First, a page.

As the legendary Irish playwright George Bernard Shaw mused in his “Maxims for Revolutionists” (1948), “If history repeats itself, and the unexpected always happens, how incapable must Man be of learning from experience!”
We have seen our inability to learn time and again from Napoleon’s invasion of Russia to Hitler’s over a century later, the repeated attempts at the occupation of Afghanistan by several countries, the failure of Prohibition and the current failure of the War on Drugs… the list goes on.
We can learn from history. If we are to successfuly implement the rapidly mushrooming technology of Artificial Intelligence in a national defense capacity, we should look into historical revolutions in military technology: aerospace, cyber, biotech, and nuclear, and we should look to prior cases of transformative technology.
A 2017 report from the Belfer Center of Science and International Affairs at the Harvard Kennedy School entitled, “Artificial Intelligence and National Security,” highlights the need to look to the past at unexpected growth in military technology – only through the lens of history can we understand the trajectory of Artificial Intelligence tech.
The study found that, “comparing the technology profile of AI with the prior technology cases, we find that it has the potential to be a worst-case scenario. Proper pre-cautions might alter this profile in the future, but current trends suggest a uniquely difficult challenge.”
By looking at five characteristics of past military technological revolutions – destructive potential, cost profile, complexity profile, military/civil dual-use potential, and difficulty of espionage – scientists determined that the potential for things to go wrong with AI as a national defense strategy is very grave, and very real.
Taking the example of aerospace technology, we can see that the destructive potential at first was very low. Only in huge numbers could airplanes threaten the State’s existence. Attacks were easily defended. The cost profile was high – in 1945, a fighter plane cost about 50 times as much as a new car.
The complexity profile was high – only very sophisticated organizations could have the edge in aerospace tech. The military/civil-use potential was high – the first passenger airlines were converted WWI bombers. The difficulty of espionage was high – airplane factories could be concealed as anything else.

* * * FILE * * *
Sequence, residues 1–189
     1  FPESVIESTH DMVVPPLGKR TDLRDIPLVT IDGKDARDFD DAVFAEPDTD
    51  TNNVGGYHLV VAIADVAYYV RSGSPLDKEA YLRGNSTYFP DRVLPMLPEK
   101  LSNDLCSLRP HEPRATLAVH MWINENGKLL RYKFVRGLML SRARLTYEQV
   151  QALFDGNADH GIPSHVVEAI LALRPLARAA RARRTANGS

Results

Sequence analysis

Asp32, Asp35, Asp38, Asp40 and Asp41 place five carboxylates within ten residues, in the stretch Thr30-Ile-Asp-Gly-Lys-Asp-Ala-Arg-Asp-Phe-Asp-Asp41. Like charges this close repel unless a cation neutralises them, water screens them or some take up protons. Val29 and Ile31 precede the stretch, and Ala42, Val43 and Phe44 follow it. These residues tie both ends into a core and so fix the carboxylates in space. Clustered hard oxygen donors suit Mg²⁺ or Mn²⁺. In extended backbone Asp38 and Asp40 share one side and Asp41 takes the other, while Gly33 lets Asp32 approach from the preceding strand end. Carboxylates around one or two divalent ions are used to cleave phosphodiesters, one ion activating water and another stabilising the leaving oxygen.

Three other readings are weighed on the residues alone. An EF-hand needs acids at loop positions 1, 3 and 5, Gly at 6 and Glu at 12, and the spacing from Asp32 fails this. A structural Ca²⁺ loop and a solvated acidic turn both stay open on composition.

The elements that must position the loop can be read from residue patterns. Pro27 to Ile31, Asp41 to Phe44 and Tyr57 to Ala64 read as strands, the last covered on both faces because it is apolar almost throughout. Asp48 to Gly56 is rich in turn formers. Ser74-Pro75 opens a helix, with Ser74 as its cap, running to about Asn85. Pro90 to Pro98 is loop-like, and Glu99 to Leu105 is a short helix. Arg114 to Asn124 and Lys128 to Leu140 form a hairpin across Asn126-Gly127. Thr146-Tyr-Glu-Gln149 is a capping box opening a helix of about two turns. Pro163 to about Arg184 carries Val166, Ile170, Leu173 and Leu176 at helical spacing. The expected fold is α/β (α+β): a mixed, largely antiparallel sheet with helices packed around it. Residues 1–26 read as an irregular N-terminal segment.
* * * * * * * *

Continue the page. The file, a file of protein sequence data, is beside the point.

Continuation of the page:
The profile of Artificial Intelligence is almost the opposite. And that’s scary.
The destructive potential of AI is high. The cost is low. The complexity profile is diverse but potentially low. The military/civil dual-use potential is high. And difficulty of espionage is high.
The report found, “that AI is likely to display some, if not all, of the most challenging aspects of prior transformative military technologies. In examining how national security policymakers responded to these prior technologies we agree with Scott Sagan, who pointed out that our forebears performed worse than we had known but better perhaps than we should have expected. The challenges they faced were tremendous.”
Elon Musk, Steve Wozniak, and the late Stephen Hawking who passed away today at the age of 76, endorsed an open letter describing how to assuage the threat – how to avoid the pitfalls of an armed Artificial Intelligence defense system.
These prominent experts raised concerns that, “if any major military power pushes ahead with AI weapon development, a global arms race is virtually inevitable, and the endpoint of this technological trajectory is obvious: autonomous weapons will become the Kalashnikovs of tomorrow.”
The implications of this should please those looking to oppress: “Autonomous weapons are ideal for tasks such as assassinations, destabilizing nations, subduing populations and selectively killing a particular ethnic group,” the open letter continues.
In conclusion, the writers of the open letter decided, “that AI has great potential to benefit humanity in many ways, and that the goal of the field should be to do so. Starting a military AI arms race is a bad idea, and should be prevented by a ban on offensive autonomous weapons beyond meaningful human control.”
Without international regulation on AI, we could be looking at the end of humanity as we know it. The international bodies must act before we open this proverbial Pandora’s Box any further. This technology can be used to either maim or heal, and we must guide research toward the latter.
Much as physicists have balked at the proliferation of nuclear weapons, biochemists have done the same in regards to chemical weapons – AI industry experts have spoken. Weaponization of AI could have devastating consequences, and it is up to the humans to stop it before it is too late.